Data Transfers with Commodore Computers

Data Transfers with Commodore Computers


Data Transfers with Commodore Computers
This document discusses the data transfer solutions that are available for 8-bit Commodore computers. Some of them are supported by several software tools, others are specific to one tool or one operating system.

Table of Contents
1 Physical storage media
1.1 Floppy diskette
1.2 Hard disk
1.3 Audio tape
2 Cable-based utilities
2.1 Cassette tape interface
2.1.1 Audio level conversion
2.1.2 The C2N232
2.2 Disk drive interface
2.2.1 IEEE-488
2.2.2 Commodore serial bus
2.3 Other cables
2.3.1 RS-232
2.3.2 Parallel connection between two computers
1 Physical storage media
The use of magnetic media has both advantages and disadvantages. The main advantage is that in some cases, no additional hardware is required. The main disadvantages are slow transfer speeds and mechanical wear and tear of the media and the drives.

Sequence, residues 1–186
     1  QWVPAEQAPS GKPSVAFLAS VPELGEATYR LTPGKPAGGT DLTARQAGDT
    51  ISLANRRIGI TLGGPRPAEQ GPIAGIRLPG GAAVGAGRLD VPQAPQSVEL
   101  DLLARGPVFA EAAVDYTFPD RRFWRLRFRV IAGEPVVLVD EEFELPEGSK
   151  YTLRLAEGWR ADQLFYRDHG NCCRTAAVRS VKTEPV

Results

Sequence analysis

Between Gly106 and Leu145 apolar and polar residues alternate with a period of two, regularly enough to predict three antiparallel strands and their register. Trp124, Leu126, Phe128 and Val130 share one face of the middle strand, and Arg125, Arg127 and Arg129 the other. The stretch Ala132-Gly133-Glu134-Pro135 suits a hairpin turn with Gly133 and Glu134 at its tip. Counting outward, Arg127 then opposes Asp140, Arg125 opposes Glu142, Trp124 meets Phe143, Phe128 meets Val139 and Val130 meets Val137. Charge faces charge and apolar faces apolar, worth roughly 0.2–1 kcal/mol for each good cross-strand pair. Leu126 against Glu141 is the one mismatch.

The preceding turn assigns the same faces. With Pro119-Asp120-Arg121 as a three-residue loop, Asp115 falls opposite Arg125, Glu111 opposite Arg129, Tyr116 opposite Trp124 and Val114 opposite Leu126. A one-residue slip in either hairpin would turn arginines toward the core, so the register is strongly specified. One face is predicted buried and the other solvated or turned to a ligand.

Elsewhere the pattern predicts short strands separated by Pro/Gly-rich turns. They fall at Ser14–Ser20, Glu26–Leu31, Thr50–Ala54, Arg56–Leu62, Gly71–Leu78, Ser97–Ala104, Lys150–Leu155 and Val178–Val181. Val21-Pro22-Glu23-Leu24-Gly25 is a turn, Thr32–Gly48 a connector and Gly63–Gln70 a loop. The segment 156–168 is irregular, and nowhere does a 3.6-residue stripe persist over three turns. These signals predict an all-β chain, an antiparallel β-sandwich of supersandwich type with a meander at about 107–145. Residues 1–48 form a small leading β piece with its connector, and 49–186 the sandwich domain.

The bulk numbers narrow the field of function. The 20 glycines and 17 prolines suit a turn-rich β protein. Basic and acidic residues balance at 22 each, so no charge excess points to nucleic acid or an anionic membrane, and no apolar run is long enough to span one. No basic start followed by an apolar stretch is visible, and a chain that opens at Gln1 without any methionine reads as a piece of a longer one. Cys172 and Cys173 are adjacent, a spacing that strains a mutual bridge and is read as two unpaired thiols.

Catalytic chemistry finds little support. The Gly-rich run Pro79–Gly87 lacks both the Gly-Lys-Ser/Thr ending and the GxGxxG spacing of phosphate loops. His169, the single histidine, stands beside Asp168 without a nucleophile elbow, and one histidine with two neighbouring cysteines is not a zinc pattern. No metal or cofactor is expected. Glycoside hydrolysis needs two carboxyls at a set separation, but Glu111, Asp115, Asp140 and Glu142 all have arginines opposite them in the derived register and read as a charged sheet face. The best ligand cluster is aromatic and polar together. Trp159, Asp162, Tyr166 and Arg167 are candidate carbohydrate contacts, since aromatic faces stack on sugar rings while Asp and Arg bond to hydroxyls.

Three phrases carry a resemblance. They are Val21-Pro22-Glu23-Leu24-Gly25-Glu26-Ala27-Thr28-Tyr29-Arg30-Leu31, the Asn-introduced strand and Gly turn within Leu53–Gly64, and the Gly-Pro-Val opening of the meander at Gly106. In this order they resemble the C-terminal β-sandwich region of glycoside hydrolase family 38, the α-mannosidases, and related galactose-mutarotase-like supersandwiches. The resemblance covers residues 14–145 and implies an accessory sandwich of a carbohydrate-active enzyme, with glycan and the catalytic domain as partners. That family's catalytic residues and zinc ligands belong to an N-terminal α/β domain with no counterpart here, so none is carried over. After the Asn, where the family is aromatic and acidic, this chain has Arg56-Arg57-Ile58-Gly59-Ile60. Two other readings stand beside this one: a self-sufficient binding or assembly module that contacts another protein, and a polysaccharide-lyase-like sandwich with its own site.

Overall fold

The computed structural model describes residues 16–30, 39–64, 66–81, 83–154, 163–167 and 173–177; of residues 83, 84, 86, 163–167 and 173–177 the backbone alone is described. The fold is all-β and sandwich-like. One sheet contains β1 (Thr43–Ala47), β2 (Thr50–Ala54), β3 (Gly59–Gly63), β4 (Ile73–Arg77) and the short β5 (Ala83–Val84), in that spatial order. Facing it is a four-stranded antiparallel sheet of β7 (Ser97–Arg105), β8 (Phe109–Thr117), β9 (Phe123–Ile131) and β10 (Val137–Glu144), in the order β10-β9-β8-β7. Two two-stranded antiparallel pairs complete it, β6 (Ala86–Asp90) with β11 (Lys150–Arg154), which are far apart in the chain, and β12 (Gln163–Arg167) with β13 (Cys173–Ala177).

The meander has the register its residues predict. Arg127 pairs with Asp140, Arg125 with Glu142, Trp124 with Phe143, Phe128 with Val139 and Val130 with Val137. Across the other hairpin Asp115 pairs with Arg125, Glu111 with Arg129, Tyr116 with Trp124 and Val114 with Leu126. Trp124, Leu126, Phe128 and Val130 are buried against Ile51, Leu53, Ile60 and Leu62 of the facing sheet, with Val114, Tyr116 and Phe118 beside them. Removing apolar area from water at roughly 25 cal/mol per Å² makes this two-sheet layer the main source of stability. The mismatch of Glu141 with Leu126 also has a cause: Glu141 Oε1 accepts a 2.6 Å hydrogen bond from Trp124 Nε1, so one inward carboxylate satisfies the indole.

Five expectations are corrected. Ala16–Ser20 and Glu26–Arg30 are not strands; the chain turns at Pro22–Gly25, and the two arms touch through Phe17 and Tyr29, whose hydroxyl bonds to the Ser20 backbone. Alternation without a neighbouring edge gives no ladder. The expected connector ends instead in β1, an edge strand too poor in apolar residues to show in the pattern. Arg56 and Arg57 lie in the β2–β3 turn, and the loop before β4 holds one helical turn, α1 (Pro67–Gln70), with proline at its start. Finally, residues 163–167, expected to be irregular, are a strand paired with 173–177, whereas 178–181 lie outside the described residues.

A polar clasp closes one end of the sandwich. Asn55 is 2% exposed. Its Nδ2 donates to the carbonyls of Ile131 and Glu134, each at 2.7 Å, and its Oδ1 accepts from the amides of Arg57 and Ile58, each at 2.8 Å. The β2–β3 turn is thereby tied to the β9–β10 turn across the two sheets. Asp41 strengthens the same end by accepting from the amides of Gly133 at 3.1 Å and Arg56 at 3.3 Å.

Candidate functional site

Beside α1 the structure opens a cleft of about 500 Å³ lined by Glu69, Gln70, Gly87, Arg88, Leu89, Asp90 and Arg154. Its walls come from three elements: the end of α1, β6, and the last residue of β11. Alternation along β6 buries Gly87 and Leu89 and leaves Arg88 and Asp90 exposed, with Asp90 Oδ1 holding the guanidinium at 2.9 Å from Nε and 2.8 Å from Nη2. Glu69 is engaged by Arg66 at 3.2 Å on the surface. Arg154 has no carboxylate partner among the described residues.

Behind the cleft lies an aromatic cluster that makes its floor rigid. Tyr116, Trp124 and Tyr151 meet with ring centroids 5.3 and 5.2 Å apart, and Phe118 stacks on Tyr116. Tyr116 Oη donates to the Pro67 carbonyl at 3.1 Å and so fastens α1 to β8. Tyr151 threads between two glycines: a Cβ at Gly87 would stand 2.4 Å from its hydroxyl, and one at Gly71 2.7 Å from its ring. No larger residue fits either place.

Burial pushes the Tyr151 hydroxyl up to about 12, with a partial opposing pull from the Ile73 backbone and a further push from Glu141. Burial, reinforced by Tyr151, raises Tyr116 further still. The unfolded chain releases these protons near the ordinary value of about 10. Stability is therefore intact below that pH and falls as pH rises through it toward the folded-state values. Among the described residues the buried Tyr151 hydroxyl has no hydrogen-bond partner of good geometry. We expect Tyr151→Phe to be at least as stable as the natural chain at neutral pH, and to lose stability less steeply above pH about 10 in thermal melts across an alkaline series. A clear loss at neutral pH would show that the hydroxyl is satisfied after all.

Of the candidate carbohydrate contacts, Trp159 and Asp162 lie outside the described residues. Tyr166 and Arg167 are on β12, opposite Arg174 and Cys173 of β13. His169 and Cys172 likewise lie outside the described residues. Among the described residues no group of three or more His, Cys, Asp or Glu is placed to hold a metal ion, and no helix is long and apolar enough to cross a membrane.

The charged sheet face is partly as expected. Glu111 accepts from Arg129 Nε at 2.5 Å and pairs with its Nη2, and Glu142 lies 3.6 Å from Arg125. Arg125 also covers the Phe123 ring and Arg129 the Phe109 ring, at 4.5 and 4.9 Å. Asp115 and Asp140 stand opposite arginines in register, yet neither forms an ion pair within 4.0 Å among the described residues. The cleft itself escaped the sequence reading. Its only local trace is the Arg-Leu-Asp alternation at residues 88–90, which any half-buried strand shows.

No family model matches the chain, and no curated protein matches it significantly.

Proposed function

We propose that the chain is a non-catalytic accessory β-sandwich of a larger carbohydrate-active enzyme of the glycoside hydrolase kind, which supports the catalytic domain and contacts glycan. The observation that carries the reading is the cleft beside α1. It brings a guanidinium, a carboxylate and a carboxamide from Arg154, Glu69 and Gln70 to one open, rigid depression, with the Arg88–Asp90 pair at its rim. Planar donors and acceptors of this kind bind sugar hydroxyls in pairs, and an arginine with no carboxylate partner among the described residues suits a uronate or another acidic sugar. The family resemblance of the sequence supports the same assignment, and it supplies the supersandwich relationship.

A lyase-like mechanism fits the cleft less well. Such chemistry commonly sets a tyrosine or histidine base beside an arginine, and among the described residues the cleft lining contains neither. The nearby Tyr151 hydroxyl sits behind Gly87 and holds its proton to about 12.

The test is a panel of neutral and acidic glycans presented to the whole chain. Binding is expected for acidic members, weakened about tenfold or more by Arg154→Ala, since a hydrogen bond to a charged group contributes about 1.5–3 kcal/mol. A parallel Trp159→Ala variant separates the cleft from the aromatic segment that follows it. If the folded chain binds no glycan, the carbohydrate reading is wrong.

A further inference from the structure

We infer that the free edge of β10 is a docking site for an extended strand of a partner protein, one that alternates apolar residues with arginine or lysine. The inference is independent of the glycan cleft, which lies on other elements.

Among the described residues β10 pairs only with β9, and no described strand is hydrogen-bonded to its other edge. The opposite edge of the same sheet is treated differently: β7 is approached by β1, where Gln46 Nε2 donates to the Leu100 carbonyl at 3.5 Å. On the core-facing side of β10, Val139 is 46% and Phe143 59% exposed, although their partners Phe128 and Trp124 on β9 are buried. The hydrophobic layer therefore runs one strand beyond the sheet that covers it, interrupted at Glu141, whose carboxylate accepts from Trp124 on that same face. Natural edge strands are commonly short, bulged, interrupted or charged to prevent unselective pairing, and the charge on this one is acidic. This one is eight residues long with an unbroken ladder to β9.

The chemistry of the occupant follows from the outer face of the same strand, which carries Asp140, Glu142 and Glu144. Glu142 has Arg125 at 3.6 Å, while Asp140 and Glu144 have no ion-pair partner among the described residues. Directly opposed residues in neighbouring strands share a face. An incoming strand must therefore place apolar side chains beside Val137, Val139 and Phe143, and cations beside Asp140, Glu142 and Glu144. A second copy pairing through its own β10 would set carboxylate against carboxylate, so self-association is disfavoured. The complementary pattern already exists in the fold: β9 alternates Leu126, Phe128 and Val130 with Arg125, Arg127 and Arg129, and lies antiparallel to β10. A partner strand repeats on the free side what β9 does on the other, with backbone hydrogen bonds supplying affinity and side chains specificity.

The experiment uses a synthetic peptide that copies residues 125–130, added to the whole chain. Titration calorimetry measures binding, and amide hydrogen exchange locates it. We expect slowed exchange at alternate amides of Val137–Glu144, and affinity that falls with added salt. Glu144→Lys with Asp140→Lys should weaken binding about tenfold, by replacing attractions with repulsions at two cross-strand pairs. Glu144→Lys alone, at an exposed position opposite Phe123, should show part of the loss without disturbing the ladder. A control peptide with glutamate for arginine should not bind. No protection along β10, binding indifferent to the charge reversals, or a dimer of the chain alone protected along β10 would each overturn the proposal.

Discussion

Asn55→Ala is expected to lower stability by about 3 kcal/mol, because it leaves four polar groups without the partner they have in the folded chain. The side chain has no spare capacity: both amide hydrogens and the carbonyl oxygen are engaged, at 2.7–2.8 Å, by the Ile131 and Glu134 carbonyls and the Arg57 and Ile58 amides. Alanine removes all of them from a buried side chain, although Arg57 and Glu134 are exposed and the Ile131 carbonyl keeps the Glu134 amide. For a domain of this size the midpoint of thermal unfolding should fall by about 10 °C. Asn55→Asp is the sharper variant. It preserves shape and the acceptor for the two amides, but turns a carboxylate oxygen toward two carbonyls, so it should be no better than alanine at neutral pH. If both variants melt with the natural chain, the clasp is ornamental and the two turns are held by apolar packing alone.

1.1 Floppy diskette
The 1541 and its precursors use the proprietary Commodore GCR format, which is very difficult to access on other than Commodore computers. But thanks to a hack invented by Daniel Fandrich, most 1541 models (except the 1541-II) can be modified to generate a higher baud rate that is required for reading and writing MFM disks. The 1541-dos package written by Daniel Fandrich and Richard Hable reads single-sided 9-sector 180-kilobyte MFM disks. The package writes files in its own 90-kilobyte format, which can be read with the MS-DOS and Unix programs supplied with the package.

The 1570, 1571 and the 1581 disk drives contain an MFM controller chip that can easily be programmed to read MS-DOS (and